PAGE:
"Black brothers, Black sisters, i want you to know that i love you and i hope that somewhere in your hearts you have love for me. My name is Assata Shakur (slave name joanne chesimard), and i am a revolutionary. A Black revolutionary. By that i mean that i have declared war on all forces that have raped our women, castrated our men, and kept our babies empty-bellied.

"I have declared war on the rich who prosper on our poverty, the politicians who lie to us with smiling faces, and all the mindless, heartless robots who protect them and their property.

"I am a Black revolutionary and, as such, i am a victim of all the wrath, hatred, and slander that amerika is capable of. Like all other Black revolutionaries, amerika is trying to lynch me."

From the statement "To My People," written in prison, July 4, 1973

Assata Shakur spent her early childhood in North Carolina and experienced the bitter realities of the segregated South. She later moved to the northern part of the country--where she realized that "Black people were equally victimized by racism and oppression."

Assata became a political activist in the upsurge of the 1960s, participating in the student struggles, the anti-war movement, and especially the Black liberation movement. She joined the Black Panther Party and became an active member. The Panthers were a key target of COINTELPRO--an FBI program to carry out operations against the Black liberation movement and other revolutionaries. As Assata recalls in her autobiography, the COINTELPRO operations and internal struggles led to divisions among the Panthers. Assata eventually associated herself with those like Sundiata Acoli who believed that organizing small, armed, underground groups was the way to carry on the struggle. They were part of a network of clandestine organizations known as the Black Liberation Army (BLA).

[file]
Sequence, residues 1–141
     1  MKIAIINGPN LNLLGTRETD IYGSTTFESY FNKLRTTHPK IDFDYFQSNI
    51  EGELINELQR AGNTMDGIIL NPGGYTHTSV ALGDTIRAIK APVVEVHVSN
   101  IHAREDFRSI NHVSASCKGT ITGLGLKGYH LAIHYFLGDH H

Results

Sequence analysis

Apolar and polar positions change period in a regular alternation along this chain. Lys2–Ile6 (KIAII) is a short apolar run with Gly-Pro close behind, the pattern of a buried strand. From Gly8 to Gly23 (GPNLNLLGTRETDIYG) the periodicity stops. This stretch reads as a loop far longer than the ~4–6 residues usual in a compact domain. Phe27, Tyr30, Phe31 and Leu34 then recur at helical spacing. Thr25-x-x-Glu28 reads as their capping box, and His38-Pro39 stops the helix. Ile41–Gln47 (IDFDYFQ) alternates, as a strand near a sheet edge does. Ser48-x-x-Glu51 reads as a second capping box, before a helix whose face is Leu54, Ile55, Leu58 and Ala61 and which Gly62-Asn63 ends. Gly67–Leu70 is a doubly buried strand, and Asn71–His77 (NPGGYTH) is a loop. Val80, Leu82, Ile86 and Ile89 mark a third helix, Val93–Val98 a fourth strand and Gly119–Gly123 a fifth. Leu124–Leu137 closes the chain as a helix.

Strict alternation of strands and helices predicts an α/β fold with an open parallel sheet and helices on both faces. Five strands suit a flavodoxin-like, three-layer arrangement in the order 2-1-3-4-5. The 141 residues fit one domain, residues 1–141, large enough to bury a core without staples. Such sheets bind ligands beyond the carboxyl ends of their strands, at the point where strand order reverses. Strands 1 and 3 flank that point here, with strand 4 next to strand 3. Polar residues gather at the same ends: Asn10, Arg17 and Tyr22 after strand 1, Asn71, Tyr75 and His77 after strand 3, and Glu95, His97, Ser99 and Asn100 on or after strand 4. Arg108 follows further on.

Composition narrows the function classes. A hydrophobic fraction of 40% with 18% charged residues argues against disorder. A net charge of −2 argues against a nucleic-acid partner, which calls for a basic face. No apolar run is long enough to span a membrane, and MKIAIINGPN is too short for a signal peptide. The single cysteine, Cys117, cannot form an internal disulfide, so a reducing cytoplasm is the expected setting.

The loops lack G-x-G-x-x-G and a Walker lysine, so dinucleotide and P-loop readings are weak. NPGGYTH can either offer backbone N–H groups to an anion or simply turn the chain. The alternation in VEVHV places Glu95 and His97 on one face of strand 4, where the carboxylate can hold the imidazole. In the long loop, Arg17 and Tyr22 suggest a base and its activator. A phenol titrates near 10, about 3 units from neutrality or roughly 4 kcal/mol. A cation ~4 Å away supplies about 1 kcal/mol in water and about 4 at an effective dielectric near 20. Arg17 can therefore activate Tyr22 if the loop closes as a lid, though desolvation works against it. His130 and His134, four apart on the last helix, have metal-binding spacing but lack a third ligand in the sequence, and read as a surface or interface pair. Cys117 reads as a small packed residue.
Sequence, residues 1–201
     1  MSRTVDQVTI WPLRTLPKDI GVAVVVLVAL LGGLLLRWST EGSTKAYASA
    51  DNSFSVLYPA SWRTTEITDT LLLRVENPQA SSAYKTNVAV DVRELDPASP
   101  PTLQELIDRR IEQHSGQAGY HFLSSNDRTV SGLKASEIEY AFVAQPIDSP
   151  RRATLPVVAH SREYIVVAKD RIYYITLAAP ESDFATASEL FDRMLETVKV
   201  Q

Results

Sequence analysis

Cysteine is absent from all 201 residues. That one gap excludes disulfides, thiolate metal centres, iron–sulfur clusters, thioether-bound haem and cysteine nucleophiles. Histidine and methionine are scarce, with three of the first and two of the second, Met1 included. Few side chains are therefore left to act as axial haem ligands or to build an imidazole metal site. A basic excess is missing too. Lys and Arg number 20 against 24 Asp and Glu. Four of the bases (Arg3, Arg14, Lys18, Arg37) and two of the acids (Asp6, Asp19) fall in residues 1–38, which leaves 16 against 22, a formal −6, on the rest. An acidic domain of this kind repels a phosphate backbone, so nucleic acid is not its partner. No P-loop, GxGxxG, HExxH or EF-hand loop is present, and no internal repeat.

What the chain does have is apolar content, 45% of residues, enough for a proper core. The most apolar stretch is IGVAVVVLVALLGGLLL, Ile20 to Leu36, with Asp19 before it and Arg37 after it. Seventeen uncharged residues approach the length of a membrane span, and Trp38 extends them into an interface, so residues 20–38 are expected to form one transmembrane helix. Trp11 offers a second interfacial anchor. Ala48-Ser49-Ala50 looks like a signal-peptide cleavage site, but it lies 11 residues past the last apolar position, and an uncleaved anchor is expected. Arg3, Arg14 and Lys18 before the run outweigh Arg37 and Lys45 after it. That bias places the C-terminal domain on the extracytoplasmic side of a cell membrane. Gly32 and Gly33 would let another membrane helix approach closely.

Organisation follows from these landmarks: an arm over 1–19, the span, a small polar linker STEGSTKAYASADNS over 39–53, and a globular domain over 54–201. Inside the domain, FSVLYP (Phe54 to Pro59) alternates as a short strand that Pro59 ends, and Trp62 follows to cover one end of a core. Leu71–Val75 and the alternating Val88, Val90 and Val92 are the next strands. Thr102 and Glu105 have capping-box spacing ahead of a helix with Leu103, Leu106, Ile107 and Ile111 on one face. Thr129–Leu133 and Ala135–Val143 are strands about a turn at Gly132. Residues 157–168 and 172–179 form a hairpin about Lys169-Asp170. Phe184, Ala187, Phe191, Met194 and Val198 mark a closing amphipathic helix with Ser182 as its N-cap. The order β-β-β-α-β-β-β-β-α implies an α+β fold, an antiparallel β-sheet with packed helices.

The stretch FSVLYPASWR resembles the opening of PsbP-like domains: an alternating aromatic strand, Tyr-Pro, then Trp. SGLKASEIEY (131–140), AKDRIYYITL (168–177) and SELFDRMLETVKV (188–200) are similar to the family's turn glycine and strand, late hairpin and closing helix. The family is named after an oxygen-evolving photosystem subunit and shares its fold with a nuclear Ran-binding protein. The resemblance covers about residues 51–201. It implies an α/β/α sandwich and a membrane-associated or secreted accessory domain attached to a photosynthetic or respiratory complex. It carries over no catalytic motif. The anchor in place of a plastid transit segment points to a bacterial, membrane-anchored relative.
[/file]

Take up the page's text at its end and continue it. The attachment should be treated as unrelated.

The FBI accused Assata of participating in attacks on law enforcement personnel, and this made her a hunted person. Posters in police precincts and banks described her as being involved in serious "criminal" activities. She was high on the FBI's "most wanted" list.

On May 2, 1973 Assata, Sundiata Acoli and Zayd Malik Shakur were ambushed by state police on the New Jersey turnpike. One state trooper shot Assata in the arm and back as she had her hands in the air. Another trooper was killed. Zayd Malik Shakur was gunned down. Sundiata escaped and was later captured after a massive police manhunt.

One of the state troopers admitted that he shot and killed Zayd Malik Shakur. But Assata was charged with the killing of Zayd--who she described as her "closest friend and comrade"--as well as with the death of the trooper. Sundiata Acoli was also charged with both deaths. No credible evidence linked either of them to the shooting of the state trooper. Their trials were a blatant political railroad wrapped in manufactured hysteria. The two revolutionaries were denied access to the media, while the New Jersey police and the FBI fed daily lies to the press. In 1977 Assata was convicted by an all-white jury and sentenced to life plus 33 years in prison. Sundiata was sentenced to life plus 30 years. He remains a political prisoner today.